Il Cheetah Conservation Fund si trova di fronte all’Altopiano del Waterberg.
Questa zona, impervia e selvaggia sulla cima, ma ricca di acqua come lo stesso nome dice, era stata scelta da alcune comunità di coloni tedeschi che avevano lasciato la Germania alla fine del 1800, per andare in cerca di fortuna, investendo in aziende agricole e commerci con gli Herero. In seguito, dopo una serena convivenza di alcuni anni, è stata teatro di tristi vicende, ormai piu’ di cento anni fa, quando proprio tra il Grande e il Piccolo Waterberg ebbero luogo scontri tra Herero e tedeschi. Nel 1915, la Germania abbandono’ la Namibia e cosi’ ebbe fine l’era dell’Africa Sudoccidentale, a cui subentrarono gli inglesi prima, e i sudafricani dopo. Tutta la zona oggi è disseminata di farm agricole e allevamenti di bestiame, e si è consorziata nella “Greater Waterberg Landscape”, di cui anche il Cheetah Conservation Fund fa parte.
Artisans Receive Training in Crafts Development
(Otjiwarongo, Namibia) 28 March 2014 – Cheetah Conservation Fund (CCF) hosted a group of 20 Namibian artisans from the Greater Waterberg Landscape at their education and research centre outside Otjiwarongo. The gathering targeted artisans from five different conservancies around the Waterberg Plateau Park, including Ozonahi, African Wild Dog, Otjituuo, Okamatapati (known as Hereroland) and the Waterberg Conservancy, which making up the Greater Waterberg Landscape. Training was conducted by, the Peace Jewellery Collection, specialising in producing semi-precious stone jewellery and leatherwork.
For three days, the artists from various conservancies learned how to make, package, label, and market their crafts. The group consisted of both men and women who are currently involved in producing artisan crafts. The founder of the Peace Collection, Ricky /Xhaxab, stated “I was impressed by how quickly the group learned and worked well together. It is hoped that they will form a cooperative within their artisan community and market their crafts collectively.” The group have agreed on their name to be the Greater Waterberg Landscape Artisans.
The training was to help teach them about product development which can supply their community with an alternate income stream. Dr. Laurie Marker, Founder and Executive Director of the Cheetah Conservation Fund said “trainings such as these are integral to the work of CCF as thriving communities are vital for thriving ecosystems and ultimately the survival of the cheetah.”
The Greater Waterberg Landscape was formed in 2007 with the objective of growing biodiversity conservation and eliminating poverty by uplifting socio-economic development. In 2011, the Greater Waterberg Landscape became one of five landscapes in Namibia working in conjunction with the Ministry of Environment (MET) and the United Nations Development Programme (UNDP) in a programme called NAMPLACE (Namibia Protected Landscape Conservation Areas Initiative). Four of the conservancies within the GWL are in the eastern communal area known as Hereroland consisting of nearly 22,500 people, with a high density of cattle verse a low density of wildlife. The GWL has a vision to restore a wildlife base and develop alternate sources of income through an integrated conservancy programme. CCF, a research centre within the GWC is actively working to help build capacity within the communities by building skills through workshops such as high quality crafts, tourism, integrated farmer training, wildlife management, and bush harvesting eventually leading to wildlife reintroductions in the area.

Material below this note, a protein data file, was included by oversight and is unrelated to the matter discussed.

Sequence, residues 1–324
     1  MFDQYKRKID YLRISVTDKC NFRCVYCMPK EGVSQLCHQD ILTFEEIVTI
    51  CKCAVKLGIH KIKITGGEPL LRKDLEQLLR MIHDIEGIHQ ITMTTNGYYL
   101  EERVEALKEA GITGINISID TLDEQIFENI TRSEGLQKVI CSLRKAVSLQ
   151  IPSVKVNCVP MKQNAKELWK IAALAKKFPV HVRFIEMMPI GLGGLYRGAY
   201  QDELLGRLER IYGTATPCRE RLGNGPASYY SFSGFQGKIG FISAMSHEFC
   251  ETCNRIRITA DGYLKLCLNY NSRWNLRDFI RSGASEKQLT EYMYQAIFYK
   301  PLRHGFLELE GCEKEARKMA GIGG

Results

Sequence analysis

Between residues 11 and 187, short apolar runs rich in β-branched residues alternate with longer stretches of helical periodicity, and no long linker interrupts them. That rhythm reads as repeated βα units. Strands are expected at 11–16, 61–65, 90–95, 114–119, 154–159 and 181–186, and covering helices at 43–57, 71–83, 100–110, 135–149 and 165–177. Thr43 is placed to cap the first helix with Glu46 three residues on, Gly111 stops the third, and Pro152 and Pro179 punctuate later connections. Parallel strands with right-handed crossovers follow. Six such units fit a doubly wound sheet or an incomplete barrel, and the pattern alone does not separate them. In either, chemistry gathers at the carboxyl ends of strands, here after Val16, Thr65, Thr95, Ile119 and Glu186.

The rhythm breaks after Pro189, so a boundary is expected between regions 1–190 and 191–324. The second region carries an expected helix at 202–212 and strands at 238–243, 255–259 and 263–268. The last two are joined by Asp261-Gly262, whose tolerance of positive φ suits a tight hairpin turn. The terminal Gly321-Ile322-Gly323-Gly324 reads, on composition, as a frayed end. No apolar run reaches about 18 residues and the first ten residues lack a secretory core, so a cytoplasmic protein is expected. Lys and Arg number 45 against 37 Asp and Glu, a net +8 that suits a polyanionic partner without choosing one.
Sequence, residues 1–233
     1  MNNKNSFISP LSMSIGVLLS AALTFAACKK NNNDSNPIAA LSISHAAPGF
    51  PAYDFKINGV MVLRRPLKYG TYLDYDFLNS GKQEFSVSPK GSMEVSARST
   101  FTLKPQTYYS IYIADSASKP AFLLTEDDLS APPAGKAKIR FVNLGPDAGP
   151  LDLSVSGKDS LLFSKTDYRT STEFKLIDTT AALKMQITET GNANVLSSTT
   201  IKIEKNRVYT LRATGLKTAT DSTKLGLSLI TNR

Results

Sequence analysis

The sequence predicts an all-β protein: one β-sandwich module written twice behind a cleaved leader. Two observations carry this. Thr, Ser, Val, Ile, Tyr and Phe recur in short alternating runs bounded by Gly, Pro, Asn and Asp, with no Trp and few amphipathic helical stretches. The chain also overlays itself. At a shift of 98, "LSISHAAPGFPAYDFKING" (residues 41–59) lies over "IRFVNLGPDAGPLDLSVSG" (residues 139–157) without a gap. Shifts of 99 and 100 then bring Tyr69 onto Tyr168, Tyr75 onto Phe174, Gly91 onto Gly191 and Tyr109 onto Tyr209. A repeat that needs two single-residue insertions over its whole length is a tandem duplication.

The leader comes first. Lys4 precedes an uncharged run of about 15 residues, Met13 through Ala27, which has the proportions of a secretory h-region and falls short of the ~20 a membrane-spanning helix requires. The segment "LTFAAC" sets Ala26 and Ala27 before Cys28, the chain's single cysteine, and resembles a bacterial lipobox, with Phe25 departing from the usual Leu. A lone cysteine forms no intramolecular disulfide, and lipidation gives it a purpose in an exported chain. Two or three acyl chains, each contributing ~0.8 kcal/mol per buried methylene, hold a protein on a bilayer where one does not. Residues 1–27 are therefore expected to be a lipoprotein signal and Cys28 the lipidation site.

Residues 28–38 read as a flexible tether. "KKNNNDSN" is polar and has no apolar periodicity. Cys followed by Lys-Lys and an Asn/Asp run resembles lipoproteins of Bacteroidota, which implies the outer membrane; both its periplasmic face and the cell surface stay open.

The Cheetah Conservation Fund is a Namibian non-profit trust dedicated to the long-term survival of the cheetah and its ecosystems. Since 1990, the organisation has developed education and conservation programmes based on its bio-medical cheetah research studies, published scientific research papers and has presented educational programmes to over 350 000 outreach school learners and over 1500 farmers. In addition, CCF has donated over 450 Anatolian Shepherd livestock guarding dogs to commercial and communal farmers as part of their innovative non-lethal livestock management programme. Research into cheetah biology and ecology has greatly increased our understanding of the fastest land animal, and education programmes for schools and the farming community help change public attitudes to allow predator and humans to co-exist. In 2012, together with NamPlace, CCF conducted a Needs Assessment Survey, covering the major areas of the Greater Waterberg Landscape. From the survey, the community identified bush encroachment as a problem and the need for livestock, wildlife and rangeland management training as well as asking for training in community tourism and craft production.
For more information on CCF’s research, conservation and education programmes, please contact CCF at: Cheetah Conservation Fund, PO Box 1755, Otjiwarongo, Namibia; Tel : (067) 306225; Fax: (067) 306247; E-mail: email@example.com ; Website: http://www.cheetah.org